Getting Closer to Mind-reading Products

A lamp that changes color based on your facial expression:

Wired cover story this month:
In the Programmable World, All Our Objects Will Act as One

Just announced:
Arduino Yún with on-board WiFi

Vittorio Cuculo took an Arduino, an RGB LED, and an IKEA lamp and programmed the system to recognize your facial expression and change the color of the light based on how it thinks you’re feeling. I’ll say that again. How it thinks you’re feeling. Sure, it’s a simple interaction and it may be easy to argue the utility of such a system, but projects like this represent significant steps into the future of our interactions with the physical objects we own even though the steps may appear, at first blush, to be small.

via Arduino Blog

Design, Manufacture, Test as Told by McLaren

It costs absolutely the same amount of money to make a car look ugly as it does to make it look beautiful.

Regarding the McLaren design language:

…it’s not coming from just aesthetics. It’s very easy to design a sexy car; a dramatic looking car. That’s not what design, for me, is all about. It’s more about doing efficient design that has a reason for being.

(emphasis mine)

Frank Stephenson, automotive designer and Director of Styling at McLaren Automotive

While it can be interesting to hear the designer wax poetic about design philosophy it’s even more interesting seeing how the design comes to life:

Even better to see the product perform as designed:

Fastener Innovation

I’m not even going to bother trying to explain how Rotite‘s helical dovetail works. Just watch the video.

Rotite Technologies from Rotite Technologies on Vimeo.

Licensing:
Rotite is a potentially diverse technology, with a multitude of applications, in a range of industries. Therein there are “Industry Specific” and “Application Specific” and “Geometrically Specific” Licenses available.We can assist you both in the right choice of license and the ideal geometric solution for your application.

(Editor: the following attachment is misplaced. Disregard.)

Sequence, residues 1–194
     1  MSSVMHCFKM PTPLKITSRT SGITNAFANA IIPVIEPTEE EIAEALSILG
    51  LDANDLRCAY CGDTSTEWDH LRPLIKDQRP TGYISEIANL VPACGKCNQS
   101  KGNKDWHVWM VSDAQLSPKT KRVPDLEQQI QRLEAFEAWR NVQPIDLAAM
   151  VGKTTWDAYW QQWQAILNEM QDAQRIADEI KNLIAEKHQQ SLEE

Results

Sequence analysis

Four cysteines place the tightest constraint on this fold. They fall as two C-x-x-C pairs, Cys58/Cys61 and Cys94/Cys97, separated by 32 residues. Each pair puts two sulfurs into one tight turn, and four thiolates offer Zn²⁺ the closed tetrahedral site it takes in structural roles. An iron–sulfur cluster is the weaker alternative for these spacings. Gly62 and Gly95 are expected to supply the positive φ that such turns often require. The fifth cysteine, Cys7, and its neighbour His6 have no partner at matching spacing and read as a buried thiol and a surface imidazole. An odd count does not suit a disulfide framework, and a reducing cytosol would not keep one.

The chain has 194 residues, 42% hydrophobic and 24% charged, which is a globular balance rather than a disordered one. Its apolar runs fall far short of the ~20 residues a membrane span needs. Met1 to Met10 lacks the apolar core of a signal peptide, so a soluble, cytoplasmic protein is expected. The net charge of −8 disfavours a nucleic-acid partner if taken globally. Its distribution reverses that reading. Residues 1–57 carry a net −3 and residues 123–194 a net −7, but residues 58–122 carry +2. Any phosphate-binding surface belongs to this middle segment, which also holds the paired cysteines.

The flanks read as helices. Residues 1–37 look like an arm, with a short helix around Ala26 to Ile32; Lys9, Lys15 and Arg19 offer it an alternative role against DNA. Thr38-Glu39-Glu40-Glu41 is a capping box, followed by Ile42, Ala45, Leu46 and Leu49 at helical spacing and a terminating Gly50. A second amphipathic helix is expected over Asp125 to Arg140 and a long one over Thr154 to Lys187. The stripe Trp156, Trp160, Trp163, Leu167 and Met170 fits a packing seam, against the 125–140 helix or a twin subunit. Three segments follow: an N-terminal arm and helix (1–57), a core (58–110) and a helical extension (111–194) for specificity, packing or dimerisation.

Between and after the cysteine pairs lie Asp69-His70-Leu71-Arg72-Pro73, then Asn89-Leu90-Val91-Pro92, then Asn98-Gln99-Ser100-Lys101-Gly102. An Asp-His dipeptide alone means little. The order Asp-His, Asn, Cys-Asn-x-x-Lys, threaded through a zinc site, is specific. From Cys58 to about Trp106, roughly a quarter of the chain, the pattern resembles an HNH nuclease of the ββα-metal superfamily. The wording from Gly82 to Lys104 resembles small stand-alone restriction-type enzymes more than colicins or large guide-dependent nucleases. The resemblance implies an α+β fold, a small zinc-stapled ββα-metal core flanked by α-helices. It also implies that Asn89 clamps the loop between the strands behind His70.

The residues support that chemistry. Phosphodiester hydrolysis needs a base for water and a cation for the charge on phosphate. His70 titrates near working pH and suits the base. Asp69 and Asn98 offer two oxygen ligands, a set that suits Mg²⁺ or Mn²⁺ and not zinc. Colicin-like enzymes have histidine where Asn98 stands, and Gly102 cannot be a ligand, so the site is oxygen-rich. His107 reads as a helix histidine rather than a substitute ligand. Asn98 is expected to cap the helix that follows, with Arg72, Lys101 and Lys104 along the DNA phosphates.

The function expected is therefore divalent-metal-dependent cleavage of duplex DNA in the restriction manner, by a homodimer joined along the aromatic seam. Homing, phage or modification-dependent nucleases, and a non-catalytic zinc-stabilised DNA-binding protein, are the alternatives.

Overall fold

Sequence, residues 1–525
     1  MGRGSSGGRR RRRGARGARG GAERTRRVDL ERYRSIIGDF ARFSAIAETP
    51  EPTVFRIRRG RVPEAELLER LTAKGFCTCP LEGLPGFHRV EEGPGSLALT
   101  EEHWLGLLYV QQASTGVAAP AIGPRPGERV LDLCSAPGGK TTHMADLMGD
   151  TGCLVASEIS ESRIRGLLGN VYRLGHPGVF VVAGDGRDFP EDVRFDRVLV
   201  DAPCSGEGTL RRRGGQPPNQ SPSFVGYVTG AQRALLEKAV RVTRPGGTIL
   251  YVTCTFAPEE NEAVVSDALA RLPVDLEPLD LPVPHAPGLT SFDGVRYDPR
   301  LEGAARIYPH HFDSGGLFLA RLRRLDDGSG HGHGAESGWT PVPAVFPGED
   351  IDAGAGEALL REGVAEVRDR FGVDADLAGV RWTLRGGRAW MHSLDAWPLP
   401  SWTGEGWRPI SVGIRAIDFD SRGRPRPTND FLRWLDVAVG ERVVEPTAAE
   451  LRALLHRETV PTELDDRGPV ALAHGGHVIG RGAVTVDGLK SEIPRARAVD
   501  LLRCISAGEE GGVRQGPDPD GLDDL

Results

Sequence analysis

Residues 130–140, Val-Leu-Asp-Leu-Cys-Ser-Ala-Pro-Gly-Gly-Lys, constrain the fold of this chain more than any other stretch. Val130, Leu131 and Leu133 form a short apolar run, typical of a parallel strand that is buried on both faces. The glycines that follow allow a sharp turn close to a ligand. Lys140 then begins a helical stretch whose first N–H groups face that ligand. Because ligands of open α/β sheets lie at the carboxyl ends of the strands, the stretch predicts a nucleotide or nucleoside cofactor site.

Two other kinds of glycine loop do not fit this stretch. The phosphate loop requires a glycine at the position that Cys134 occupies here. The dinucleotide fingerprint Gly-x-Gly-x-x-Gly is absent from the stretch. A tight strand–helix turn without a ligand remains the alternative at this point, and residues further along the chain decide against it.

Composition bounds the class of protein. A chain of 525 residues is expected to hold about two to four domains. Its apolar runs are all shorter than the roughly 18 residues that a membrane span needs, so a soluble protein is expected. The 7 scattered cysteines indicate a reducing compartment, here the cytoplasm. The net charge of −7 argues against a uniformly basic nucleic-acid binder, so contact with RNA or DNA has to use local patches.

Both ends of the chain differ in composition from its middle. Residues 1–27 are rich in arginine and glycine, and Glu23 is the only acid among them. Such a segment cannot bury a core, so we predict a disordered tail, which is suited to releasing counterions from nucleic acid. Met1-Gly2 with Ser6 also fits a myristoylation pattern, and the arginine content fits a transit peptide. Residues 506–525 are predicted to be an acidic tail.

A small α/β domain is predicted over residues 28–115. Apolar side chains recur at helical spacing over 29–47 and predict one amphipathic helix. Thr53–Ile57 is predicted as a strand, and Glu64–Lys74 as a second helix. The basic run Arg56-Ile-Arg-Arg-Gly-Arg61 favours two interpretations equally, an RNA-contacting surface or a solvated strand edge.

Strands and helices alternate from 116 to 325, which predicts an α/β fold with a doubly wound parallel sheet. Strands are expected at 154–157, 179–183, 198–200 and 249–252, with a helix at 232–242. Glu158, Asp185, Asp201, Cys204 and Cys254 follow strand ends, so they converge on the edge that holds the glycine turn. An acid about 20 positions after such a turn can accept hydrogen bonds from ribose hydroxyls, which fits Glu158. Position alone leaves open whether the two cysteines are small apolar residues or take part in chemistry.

Rotite Technologies offer a comprehensive support package to all our licensees , ensuring you stay up to date with all “Geometric, Technical and Intellectual Developments “.
We offer a range complimentary support services such as prototyping and detailed structural analysis.This ensures that together, we can optimise your intended application and get your products to market – quicker.

It isn’t often I see something so interesting applied to something as mundane as fasteners. If you’re using this technology in a specific application let me know at design (at) formlovesfunction.com

Gary Hustwit talks with Doug Pray

I just found this interview between Gary Hustwit, director of the new Objectified movie, and Doug Pray, director of the new Art & Copy movie.

Art & Copy is all about advertising. Objectified, as I’ve previously written, is all about product design. Hustwit and Pray find some interesting common ground in discussing what they each learned during the making of their films.

The mp3 is available on the SXSX Film page.

Objectified

Gary Hustwit, director of the documentary Helvetica is at it again. This time he looks at the oft hidden world of industrial design in a film called Objectified wherein he talks to the best industrial designers on the planet about what goes into creating a great product. The only information I could find on release date is “Spring 2009.”

Featuring
Paola Antonelli (Museum of Modern Art, New York)
Chris Bangle (BMW Group, Munich)
Ronan & Erwan Bouroullec (Paris)
Andrew Blauvelt (Walker Art Center, Minneapolis)
Anthony Dunne (London)
Naoto Fukasawa (Tokyo)
IDEO (Palo Alto)
Jonathan Ive (Apple, California)
Hella Jongerius (Rotterdam)
Marc Newson (London/Paris)
Fiona Raby (London)
Dieter Rams (Kronberg, Germany)
Karim Rashid (New York)
Alice Rawsthorn (International Herald Tribune)
Smart Design (New York)
Rob Walker (New York Times Magazine)
and more participants TBA

These are the people taking great ideas and making them into real products.